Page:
A much better approach would be to advocate alternatives. Let’s also use some numbers to back them up! According to the US Department of Justice, less than 4,780 individuals reported using a firearm to defend themselves in 20111. In 2013, about 3,800 people died from unintentional shootings2. There’s also a strong correlation showing an increased likelihood of suicides occurring in households that have unlocked guns3. This shows that the chances of using a gun to defend one’s family is comparable to the chances of that same gun being involved in the death of a family member, accidental or otherwise. That’s a pretty strong incentive to use something other than a gun to protect your family. Here’s a brief list of alternatives:

  1. Projectile stun guns. I’m listing this here for the sake of completion, but this is actually a bad idea. Not only are they not as effective as guns, but they’re also not always non-lethal, and they’re illegal in many states. It’s better to use a taser.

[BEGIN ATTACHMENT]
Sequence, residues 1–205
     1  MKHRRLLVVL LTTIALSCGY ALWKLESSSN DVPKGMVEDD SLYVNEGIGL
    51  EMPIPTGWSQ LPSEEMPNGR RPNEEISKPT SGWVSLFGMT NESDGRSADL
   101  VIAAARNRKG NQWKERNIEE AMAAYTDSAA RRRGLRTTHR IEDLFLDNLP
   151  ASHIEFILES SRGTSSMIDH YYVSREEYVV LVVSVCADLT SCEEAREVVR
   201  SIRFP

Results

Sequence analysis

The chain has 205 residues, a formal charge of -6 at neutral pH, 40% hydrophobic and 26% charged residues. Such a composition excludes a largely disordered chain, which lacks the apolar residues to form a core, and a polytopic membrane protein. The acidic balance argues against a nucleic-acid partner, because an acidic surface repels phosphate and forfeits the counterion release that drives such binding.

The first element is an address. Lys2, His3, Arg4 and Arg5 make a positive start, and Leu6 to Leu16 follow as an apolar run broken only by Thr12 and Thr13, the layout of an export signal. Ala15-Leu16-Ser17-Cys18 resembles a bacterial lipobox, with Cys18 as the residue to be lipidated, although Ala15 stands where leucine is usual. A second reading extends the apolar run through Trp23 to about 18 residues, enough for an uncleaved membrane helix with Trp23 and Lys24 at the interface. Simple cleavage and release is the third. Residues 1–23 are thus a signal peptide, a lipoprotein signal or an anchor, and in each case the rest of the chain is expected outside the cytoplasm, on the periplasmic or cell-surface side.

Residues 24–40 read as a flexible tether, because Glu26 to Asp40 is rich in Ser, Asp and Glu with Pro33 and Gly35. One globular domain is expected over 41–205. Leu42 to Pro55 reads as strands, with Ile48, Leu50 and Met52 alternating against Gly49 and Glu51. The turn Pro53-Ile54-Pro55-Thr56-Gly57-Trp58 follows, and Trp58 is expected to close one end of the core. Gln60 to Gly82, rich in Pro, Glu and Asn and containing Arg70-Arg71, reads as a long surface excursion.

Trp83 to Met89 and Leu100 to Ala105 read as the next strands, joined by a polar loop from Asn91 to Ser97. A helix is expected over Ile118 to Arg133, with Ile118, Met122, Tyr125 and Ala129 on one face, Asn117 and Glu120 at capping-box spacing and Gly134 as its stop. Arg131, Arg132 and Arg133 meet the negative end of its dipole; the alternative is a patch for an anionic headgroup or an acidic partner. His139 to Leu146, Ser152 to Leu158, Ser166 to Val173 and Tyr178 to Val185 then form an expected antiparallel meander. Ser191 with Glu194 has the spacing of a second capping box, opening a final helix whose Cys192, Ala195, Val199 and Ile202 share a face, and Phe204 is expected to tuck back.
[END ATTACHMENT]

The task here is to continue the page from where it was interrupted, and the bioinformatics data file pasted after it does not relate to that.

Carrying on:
2. Pepper sprays. This is still dangerous (especially if a family member has asthma), but it’s something you can have on your person at all times, which means that should you ever need to use it, you’ll likely have it on hand.

  3. Tactical flashlights. These can be used to temporarily blind an assailant, allowing you to fight back or escape.

If none of these suit your needs, use rubber bullets. These can also still be lethal at close range, but it’s better to keep a gun loaded with these than real bullets.